In regards to this, do not feel like you have to always agree with your interviewer! When I was pushed on some of my answers, I defended myself, and why I thought my argument was most convincing and why I disagreed with the interviewer. On the other hand, if you are convinced by the interviewer, don’t be afraid to say why your original answer has changed and why – this is not a bad thing, it shows you can critically analyse and assess new perspectives and information!

religion and theology at Oxford
Theology and Religion Oxford students will typically have 2 tutorials a week with 0-3 other students and a tutor
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    Oxford Theology and Religion interview tips?

    Firstly, relax as much as possible before the interview. Do not cram revision the night before, instead make sure you are well rested and ready to smash the interview on the day.

    Second, double check you have everything ready before the interview starts – checking all electronics (and making sure it is charged!), and bringing anything else you may need for the interview (water, pen, paper etc).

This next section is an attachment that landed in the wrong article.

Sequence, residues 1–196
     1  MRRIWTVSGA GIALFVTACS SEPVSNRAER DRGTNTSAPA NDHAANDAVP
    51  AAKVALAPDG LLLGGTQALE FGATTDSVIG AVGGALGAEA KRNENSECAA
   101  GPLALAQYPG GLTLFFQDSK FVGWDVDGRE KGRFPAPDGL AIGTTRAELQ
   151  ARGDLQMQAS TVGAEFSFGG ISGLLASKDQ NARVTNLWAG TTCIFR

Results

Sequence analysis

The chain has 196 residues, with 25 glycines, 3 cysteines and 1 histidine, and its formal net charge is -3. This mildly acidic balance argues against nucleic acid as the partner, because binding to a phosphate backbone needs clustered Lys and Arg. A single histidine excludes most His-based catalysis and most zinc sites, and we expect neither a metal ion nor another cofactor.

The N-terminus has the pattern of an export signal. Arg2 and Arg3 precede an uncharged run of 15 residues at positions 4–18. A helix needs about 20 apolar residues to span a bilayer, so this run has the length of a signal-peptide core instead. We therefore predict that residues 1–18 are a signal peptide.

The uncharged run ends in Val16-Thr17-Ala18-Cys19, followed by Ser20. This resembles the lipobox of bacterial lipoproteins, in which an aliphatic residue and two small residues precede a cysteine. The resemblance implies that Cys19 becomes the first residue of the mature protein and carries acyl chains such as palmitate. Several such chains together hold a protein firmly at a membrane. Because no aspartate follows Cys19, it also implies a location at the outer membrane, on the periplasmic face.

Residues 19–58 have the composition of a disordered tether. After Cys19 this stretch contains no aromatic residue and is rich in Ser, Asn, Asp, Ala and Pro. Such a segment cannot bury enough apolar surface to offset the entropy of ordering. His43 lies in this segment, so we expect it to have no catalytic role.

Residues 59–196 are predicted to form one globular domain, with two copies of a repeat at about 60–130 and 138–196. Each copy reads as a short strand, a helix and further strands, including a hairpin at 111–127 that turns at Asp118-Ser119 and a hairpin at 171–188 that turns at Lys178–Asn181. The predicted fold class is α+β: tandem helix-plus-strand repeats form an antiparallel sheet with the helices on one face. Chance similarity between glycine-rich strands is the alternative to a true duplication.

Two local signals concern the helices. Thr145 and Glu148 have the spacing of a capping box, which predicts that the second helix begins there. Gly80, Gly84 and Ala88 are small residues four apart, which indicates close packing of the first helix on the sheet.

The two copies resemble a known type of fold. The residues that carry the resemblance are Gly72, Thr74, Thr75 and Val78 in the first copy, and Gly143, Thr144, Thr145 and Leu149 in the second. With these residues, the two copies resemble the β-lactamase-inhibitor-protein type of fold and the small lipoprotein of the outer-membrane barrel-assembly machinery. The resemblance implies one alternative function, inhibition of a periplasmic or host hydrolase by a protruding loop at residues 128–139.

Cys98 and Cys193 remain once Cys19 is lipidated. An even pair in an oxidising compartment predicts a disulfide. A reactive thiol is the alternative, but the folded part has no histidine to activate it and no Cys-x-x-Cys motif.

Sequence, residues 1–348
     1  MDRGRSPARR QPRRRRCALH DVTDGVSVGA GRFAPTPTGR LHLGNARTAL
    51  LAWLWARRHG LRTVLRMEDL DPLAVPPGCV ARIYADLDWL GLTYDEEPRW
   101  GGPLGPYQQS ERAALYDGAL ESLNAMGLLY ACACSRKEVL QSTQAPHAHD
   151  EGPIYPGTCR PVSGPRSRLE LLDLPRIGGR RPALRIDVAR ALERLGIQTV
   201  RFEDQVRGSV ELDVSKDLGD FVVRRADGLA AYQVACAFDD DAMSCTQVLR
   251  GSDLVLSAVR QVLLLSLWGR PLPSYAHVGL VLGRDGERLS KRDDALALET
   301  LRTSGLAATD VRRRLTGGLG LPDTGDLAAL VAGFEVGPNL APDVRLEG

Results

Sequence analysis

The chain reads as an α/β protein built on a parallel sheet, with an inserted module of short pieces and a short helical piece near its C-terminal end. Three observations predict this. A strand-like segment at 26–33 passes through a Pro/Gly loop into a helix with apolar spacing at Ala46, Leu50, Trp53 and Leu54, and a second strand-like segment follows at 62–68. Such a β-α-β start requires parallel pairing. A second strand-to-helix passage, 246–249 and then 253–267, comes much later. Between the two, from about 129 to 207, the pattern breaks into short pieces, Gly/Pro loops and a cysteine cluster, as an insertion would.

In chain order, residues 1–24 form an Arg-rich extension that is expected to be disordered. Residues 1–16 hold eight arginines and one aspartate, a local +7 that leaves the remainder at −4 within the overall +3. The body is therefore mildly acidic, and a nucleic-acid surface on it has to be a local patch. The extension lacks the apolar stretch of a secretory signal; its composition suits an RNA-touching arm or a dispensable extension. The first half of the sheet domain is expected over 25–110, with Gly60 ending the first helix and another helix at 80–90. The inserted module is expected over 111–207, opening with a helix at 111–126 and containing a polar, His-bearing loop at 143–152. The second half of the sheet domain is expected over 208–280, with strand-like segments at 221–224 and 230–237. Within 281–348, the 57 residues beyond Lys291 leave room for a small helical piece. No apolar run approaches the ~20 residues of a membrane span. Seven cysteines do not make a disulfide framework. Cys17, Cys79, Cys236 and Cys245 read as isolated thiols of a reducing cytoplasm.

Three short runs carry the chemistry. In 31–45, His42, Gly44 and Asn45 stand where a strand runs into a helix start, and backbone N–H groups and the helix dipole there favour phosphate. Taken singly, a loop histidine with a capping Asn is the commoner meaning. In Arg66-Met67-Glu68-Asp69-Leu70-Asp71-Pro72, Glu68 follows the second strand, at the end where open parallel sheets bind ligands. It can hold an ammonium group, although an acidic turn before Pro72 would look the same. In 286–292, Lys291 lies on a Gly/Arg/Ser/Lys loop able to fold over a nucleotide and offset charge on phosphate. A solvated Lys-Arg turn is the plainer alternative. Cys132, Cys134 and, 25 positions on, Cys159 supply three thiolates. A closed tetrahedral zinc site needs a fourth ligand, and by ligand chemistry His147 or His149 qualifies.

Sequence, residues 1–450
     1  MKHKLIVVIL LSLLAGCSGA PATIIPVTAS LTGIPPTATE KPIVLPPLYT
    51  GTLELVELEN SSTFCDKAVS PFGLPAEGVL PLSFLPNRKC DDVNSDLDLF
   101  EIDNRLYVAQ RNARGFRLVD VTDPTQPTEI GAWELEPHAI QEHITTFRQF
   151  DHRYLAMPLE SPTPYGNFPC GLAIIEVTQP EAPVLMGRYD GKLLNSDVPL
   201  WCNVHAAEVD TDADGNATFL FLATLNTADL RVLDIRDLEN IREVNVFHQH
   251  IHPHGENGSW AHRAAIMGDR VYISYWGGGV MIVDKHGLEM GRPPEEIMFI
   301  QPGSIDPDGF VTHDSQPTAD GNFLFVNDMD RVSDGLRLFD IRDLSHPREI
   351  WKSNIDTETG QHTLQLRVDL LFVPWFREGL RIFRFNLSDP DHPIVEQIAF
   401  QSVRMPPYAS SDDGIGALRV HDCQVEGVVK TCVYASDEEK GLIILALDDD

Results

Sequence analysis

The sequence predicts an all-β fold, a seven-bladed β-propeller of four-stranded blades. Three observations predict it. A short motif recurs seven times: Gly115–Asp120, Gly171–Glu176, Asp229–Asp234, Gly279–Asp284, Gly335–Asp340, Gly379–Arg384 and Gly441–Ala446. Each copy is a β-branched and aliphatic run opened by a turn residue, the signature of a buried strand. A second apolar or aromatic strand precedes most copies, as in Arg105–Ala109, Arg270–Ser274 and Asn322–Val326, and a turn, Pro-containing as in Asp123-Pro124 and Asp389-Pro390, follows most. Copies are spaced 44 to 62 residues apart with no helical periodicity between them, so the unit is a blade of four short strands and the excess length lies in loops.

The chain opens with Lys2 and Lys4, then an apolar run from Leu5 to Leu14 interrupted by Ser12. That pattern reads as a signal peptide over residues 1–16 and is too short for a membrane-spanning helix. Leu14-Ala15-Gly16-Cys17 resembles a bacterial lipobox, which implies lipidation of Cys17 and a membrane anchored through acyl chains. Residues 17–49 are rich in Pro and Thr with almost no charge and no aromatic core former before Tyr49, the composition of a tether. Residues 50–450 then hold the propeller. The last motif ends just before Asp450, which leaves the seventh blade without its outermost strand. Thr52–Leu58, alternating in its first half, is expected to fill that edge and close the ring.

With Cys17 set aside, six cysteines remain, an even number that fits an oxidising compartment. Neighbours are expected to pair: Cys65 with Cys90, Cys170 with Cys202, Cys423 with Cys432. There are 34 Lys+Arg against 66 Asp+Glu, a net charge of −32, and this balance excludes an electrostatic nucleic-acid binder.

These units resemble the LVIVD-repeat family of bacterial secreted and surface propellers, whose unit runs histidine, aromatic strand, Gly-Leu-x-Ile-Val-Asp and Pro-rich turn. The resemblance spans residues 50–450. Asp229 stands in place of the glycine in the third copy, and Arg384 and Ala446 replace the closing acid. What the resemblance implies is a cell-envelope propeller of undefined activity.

Finally, be confident! The fact that you have been invited shows you are a top student – remind yourself of this and back yourself going into the interview!

    Tips for the Oxford Theology and Religion interview itself?  

    1. Try to stay calm! Interviewers will understand if you are nervous, so do not be afraid to take a few seconds to compose yourself and structure your thoughts.
    2. Do not panic if you do not immediately know the answer. Focus on talking out loud, clearly communicating your thought process throughout the interview.  Oxford University states they care less about your final answer and more how you arrived there – show the interview how you logically arrive at an answer step-by-step!
    3. Mock interviews help! Talking outloud and answering unseen questions is great practice for the interview – this can be with a teacher, friend, or parent!
    4. Show your passion for their subject! Your interviewer could be your tutor every week for the next three years – so make a good impression outside of academics: be engaged, enthusiastic and friendly!
    5. Know your personal statement and EPQ (if applicable)! It is likely the interviewer will want to discuss your personal statement with you, so make sure you are comfortable talking in-depth about anything you have mentioned!
    6. Enjoy the experience! Being invited to an interview is an achievement in itself, and see this as an opportunity to discuss your interest with leading academics in the field!